Boney M. performed an early mix of the song in a German TV-show singing "How can we sing King Alpha's song" although it was changed to "the Lord's song" (as in the biblical quote) in the released versions. King Alpha refers to Haile Selassie. Selassie's wife Menen Asfaw is known as Queen Omega aka The Queen.

Different versions [edit]Edit

Just as in the case of "Ma Baker", "Rivers of Babylon" established what was to become a habit of Boney M. singles, namely that the original pressings featured an early version that was soon replaced by a more widely available mix.

The initial single mix of "Rivers of Babylon" is most notable for lead singer Liz Mitchell's ad-libs (Dark tears of Babylon, you got to sing a song, sing a song of love, yeah yeah yeah yeah yeah) between the two verses. On subsequent single pressings, only the 'yeah's were maintained. The full ad-libs however re-emerged in the US-only 12" version.

The single mix differs from the album version by having Liz Mitchell singing the verse "Let the words of our mouth ..." with Frank Farian, on the LP, Farian sings this as a solo part; it is also slightly shorter, the instrumental passage before the last "humming" part is edited out, and the fade out is a little longer ("Oooooh of the power... yeah yeah yeah yeah" can only be heard in the single mix).

Brown Girl in the Ring [edit]Edit

The single's B-side Brown Girl in the Ring was a traditional Caribbean nursery rhyme. When "Rivers of Babylon" had slipped to #20 in the UK charts, radio stations suddenly flipped the single, seeing "Brown Girl in the Ring" going all the way to #3 and becoming a hit in its own right. The early single pressing features the full-length 4:18 version with a chorus bit being edited out. The single mix is also slightly different from the album version which features steel drums on the outro riff of the song, the single mix doesn't.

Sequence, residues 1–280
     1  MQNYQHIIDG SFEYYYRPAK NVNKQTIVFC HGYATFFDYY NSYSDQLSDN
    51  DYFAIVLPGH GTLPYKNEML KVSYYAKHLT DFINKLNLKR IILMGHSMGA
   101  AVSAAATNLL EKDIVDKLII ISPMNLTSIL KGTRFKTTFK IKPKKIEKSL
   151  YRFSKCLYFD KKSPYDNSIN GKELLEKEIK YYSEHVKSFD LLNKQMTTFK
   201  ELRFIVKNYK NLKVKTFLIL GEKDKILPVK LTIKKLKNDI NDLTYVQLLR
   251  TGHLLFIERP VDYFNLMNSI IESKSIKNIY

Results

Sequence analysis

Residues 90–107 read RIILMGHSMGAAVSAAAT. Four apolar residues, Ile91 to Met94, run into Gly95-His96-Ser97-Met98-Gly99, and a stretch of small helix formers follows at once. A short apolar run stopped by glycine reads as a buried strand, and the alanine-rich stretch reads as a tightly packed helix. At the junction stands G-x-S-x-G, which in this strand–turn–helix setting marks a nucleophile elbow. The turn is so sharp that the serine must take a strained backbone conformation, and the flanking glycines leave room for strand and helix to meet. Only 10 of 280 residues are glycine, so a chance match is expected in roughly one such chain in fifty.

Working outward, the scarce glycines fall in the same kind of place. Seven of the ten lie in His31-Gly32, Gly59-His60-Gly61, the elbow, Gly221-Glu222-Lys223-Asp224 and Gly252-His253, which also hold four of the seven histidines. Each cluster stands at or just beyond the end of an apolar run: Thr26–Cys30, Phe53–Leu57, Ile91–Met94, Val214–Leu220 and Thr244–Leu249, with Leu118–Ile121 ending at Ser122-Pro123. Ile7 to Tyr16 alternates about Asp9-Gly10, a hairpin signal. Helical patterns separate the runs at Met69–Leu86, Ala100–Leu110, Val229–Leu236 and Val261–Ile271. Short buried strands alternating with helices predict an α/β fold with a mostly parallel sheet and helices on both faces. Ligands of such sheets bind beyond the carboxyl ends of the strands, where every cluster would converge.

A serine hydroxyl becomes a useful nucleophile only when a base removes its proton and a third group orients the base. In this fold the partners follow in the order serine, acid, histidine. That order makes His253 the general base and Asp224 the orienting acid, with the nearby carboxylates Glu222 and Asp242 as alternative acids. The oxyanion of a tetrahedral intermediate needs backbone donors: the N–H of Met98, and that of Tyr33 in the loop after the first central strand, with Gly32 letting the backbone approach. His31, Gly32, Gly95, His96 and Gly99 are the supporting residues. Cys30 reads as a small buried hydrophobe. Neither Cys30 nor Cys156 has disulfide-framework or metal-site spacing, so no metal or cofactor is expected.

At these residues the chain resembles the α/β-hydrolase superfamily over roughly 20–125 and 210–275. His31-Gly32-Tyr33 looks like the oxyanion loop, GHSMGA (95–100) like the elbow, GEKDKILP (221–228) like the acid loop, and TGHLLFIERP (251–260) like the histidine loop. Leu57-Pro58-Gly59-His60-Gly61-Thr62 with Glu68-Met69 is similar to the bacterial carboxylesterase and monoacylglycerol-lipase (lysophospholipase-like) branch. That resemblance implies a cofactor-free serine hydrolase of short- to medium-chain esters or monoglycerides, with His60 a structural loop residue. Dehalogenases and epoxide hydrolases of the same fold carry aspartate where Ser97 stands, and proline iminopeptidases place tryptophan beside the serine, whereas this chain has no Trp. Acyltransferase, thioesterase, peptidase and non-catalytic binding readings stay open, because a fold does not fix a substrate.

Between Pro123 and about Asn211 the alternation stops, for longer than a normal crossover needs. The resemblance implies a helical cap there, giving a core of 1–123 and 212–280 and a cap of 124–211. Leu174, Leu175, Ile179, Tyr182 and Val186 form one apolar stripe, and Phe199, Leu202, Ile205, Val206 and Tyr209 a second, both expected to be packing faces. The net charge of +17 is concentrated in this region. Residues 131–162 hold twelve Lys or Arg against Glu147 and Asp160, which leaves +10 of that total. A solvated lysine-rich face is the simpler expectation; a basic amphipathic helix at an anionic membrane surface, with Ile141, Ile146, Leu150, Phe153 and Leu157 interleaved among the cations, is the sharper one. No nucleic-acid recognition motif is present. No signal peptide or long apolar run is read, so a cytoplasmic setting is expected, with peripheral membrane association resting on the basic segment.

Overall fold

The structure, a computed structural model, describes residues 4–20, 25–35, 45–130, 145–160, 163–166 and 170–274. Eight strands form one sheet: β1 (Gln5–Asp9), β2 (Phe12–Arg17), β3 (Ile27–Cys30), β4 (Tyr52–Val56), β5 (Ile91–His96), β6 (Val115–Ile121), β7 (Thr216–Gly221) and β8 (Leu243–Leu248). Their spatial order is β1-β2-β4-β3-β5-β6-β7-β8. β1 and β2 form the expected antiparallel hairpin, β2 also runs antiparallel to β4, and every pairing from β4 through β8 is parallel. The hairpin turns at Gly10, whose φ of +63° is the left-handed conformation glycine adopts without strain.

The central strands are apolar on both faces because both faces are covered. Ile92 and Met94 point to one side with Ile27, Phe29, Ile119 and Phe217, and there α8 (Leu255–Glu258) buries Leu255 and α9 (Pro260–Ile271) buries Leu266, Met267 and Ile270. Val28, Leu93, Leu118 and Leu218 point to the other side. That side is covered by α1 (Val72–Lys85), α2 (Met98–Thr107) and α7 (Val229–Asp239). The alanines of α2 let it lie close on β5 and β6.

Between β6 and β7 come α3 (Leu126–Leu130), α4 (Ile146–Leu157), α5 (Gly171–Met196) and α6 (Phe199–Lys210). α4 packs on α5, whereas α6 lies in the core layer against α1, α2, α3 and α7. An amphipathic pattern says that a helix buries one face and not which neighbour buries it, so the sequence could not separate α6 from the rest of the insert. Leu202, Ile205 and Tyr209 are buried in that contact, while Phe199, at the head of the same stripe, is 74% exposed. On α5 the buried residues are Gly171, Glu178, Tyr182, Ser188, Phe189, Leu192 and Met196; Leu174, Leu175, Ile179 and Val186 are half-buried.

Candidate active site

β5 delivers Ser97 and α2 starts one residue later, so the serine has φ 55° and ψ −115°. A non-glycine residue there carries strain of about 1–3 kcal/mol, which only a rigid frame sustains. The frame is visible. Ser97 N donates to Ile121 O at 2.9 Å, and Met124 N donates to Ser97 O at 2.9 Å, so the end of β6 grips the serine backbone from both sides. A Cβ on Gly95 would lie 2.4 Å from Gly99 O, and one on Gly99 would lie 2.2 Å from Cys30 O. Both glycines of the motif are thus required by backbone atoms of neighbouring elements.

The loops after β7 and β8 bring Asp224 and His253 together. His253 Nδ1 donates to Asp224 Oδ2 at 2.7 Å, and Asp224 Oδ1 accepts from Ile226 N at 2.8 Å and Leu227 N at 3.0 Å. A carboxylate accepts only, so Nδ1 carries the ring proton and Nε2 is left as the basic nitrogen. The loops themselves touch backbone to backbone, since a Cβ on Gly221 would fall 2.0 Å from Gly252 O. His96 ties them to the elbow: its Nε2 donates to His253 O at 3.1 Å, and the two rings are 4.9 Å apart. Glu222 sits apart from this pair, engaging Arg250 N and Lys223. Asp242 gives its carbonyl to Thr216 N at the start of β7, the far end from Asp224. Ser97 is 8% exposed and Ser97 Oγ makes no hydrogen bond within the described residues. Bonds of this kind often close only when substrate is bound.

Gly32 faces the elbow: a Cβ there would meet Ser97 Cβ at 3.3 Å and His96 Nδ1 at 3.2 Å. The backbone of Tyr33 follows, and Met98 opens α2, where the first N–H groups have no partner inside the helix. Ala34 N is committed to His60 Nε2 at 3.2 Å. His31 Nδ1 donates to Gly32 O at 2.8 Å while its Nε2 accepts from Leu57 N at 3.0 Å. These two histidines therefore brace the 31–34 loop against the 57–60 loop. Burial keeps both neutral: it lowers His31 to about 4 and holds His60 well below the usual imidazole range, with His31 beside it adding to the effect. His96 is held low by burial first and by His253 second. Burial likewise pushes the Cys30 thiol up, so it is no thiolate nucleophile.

"Brown Girl in the Ring" was also issued separately in Canada as an A-side in the summer of 1979. It reached #8 on the Canadian AC chart in July 1979, becoming the third Boney M song to reach the top 10 on that chart, after "Rivers of Babylon" and "Rasputin." On RPM's Top 100 singles chart, the song stalled at #79.

Liz Mitchell had previously recorded Brown girl in the ring in 1975 with the group Malcolm's Locks her ex-boy friend Malcolm Magaron as the lead singer, and arranger Peter Herbolzheimer accused Frank Farian for stealing his arrangement for the song.[4] The court case ran for more than 20 years in Germany.

"Rivers of Babylon" (Remix) /

"Mary's Boy Child / Oh My Lord" (Remix)"

[1]
Single by Boney M.
from the album 

Greatest Hits of All Times - Remix '88

Released October, 1988
Format 7" single12" singleCD-single
Genre PopDisco
Label Hansa Records(FRG)
Producer Frank Farian
Boney M. singles chronology
"Bang Bang Lulu"

(1986)

"Rivers of Babylon (Remix) /

Mary's Boy Child / Oh My Lord (Remix)" (1988)

"Megamix"

(1988)

1988 Remix [edit]Edit

"Rivers of Babylon" / "Mary's Boy Child / Oh My Lord" is a 1988 remix single by German band Boney M., issued to launch the group's reunion, having been split since their 10th anniversary, 1986. The double-A-side single contained new mixes of the band's two very most successful single releases ever. Although their remix album sold well, the single failed to chart.